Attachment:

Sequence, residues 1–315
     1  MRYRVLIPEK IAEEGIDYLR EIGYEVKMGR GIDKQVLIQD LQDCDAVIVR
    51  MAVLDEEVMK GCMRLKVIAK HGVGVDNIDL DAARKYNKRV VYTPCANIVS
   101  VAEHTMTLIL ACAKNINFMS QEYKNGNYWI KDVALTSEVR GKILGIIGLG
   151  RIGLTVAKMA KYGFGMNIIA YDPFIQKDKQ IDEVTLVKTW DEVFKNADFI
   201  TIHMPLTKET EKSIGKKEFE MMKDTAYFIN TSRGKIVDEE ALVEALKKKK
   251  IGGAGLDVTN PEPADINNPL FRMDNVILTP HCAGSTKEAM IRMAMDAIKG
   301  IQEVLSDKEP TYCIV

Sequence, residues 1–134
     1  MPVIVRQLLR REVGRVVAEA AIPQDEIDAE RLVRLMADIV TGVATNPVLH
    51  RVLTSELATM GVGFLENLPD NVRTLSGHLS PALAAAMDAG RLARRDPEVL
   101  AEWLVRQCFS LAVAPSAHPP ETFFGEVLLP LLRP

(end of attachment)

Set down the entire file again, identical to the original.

Sequence, residues 1–315
     1  MRYRVLIPEK IAEEGIDYLR EIGYEVKMGR GIDKQVLIQD LQDCDAVIVR
    51  MAVLDEEVMK GCMRLKVIAK HGVGVDNIDL DAARKYNKRV VYTPCANIVS
   101  VAEHTMTLIL ACAKNINFMS QEYKNGNYWI KDVALTSEVR GKILGIIGLG
   151  RIGLTVAKMA KYGFGMNIIA YDPFIQKDKQ IDEVTLVKTW DEVFKNADFI
   201  TIHMPLTKET EKSIGKKEFE MMKDTAYFIN TSRGKIVDEE ALVEALKKKK
   251  IGGAGLDVTN PEPADINNPL FRMDNVILTP HCAGSTKEAM IRMAMDAIKG
   301  IQEVLSDKEP TYCIV

Sequence, residues 1–134
     1  MPVIVRQLLR REVGRVVAEA AIPQDEIDAE RLVRLMADIV TGVATNPVLH
    51  RVLTSELATM GVGFLENLPD NVRTLSGHLS PALAAAMDAG RLARRDPEVL
   101  AEWLVRQCFS LAVAPSAHPP ETFFGEVLLP LLRP